By Jesse Church
Aloha my fellow veterans and residents of Molokai, old Jesse here with all the veterans news and upcoming events. Kick the bucket, bite the dust, pushing up daisies. All creative ways to say, he or she is no longer with us, and of course the military way to highlight death is, he bought the farm. Why? Around WWII, pilots began to say that when a jet crashed on a farm, the farmer usually sued the government for damages done to his farm by the crash. The amount demanded was either more than or equal to the mortgage, around $10,000 at the time, buying the farm outright.…
With colorful lei draped carefully over each arm, volunteers set out across the gently sloping Papaloa cemetery in Kalaupapa last week with the goal of honoring and remembering each and every kupuna buried on the peninsula.
Pausing briefly at each marker to lay a hand or say a quiet prayer, the group quietly made their way through the acres of headstones, lovingly leaving a lei at each one.
The Makanalua peninsula, commonly known as Kalaupapa, serves as the final resting place for thousands of Hansen’s disease patients who were once banished there.
After more than a century of being exiled to the peninsula, patients were given the freedom to leave Kalaupapa on June 30, 1969, when Hawaii Revised Statute 326 lifted the ban on their isolation.…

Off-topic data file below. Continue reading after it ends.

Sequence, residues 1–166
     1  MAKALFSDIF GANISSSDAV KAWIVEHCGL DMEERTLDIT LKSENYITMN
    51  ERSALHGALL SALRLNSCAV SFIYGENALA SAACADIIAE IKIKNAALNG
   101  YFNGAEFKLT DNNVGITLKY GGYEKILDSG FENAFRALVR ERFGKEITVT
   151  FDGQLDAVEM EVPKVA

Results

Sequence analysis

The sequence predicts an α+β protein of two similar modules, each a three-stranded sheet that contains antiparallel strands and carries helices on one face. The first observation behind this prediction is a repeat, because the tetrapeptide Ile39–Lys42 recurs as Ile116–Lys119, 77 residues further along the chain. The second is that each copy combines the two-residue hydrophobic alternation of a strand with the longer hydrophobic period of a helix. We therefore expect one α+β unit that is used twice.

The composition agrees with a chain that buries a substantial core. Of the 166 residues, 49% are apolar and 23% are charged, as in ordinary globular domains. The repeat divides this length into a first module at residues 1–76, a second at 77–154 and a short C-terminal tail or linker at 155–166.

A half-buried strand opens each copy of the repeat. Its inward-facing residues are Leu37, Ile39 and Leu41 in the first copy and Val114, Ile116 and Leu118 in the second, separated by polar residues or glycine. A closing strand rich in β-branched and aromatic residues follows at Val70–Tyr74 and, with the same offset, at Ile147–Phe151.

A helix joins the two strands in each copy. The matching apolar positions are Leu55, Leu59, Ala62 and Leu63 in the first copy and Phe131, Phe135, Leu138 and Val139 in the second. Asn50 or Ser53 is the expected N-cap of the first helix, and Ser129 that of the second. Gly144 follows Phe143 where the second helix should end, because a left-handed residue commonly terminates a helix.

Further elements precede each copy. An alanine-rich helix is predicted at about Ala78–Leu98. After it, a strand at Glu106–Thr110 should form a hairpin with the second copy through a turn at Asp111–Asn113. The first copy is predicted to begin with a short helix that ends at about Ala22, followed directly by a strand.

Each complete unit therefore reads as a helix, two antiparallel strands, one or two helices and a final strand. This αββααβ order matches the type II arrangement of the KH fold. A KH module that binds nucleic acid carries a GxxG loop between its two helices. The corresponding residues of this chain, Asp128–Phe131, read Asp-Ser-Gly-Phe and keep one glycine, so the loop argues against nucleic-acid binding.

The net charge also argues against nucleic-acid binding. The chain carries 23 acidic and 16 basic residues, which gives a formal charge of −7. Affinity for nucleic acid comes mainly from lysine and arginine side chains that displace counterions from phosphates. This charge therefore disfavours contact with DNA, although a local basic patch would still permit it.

The Molokai residents who visited the shaded grounds by Keawanui Fishpond last weekend likely left more relaxed than they arrived. That’s because 15 licensed lomi lomi massage therapists and apprentices performed more than 125 hours of Hawaiian massage treatments free of charge to about 100 community members Friday and Saturday.
Under the breezy shade of blooming tress and the soothing sound of buzzing bees, dozens of Molokai community members were treated to 50-minute treatments. The healing massage therapy was made possible by Ho`omana Spa Maui, which facilitated the visit of the therapists.
“We’re all here to aloha everyone and part of the lomi lifestyle is about giving back,” said Jeana Iwalani Naluai, spa owner and international instructor of lomi lomi massage.…
Two weeks ago, more than half a dozen families gathered at Mo`omomi for four days of camping, pono fishing, generational learning and most of all, inspiring `ohana to malama `aina.
In its second year held on Molokai’s north shore coastline, `Ohana Lawai`a camp offered an opportunity for family learning of traditional fishing practices and protocol, along with lessons in history, culture and biology. Under the guidance of traditional resource manager and educator Mac Poepoe and other kupuna, the experience offered a unique learning experience for young and old. To participate, families were asked to bring at least two generations of attendees.…
By Diane Abraham
Music is part of the human experience, from a mother’s lullaby to a newborn, to a heavenly anthem, to a rock concert. We are all touched by music in one way or another, and often in multiple ways, especially here in Hawaii where music is a valued tradition. On July 19, the people of Molokai are going to be treated to a very special outdoor concert, free of charge.
In its fifth year, the Summer Praise Concert is being put on by churches here on island. This concert is at the Kaunakakai ball field from 6 to 10 p.m.…